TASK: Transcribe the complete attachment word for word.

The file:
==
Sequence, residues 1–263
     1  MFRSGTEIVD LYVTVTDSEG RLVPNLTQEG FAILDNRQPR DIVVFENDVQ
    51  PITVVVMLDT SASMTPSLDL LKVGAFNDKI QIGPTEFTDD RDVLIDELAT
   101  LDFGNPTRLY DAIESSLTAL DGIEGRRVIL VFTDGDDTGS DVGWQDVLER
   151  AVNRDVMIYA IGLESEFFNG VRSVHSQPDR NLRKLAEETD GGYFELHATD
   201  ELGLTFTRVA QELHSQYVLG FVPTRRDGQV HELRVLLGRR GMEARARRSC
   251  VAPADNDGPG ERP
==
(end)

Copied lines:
Sequence, residues 1–263
     1  MFRSGTEIVD LYVTVTDSEG RLVPNLTQEG FAILDNRQPR DIVVFENDVQ
    51  PITVVVMLDT SASMTPSLDL LKVGAFNDKI QIGPTEFTDD RDVLIDELAT
   101  LDFGNPTRLY DAIESSLTAL DGIEGRRVIL VFTDGDDTGS DVGWQDVLER
   151  AVNRDVMIYA IGLESEFFNG VRSVHSQPDR NLRKLAEETD GGYFELHATD
   201  ELGLTFTRVA QELHSQYVLG FVPTRRDGQV HELRVLLGRR GMEARARRSC
   251  VAPADNDGPG ERP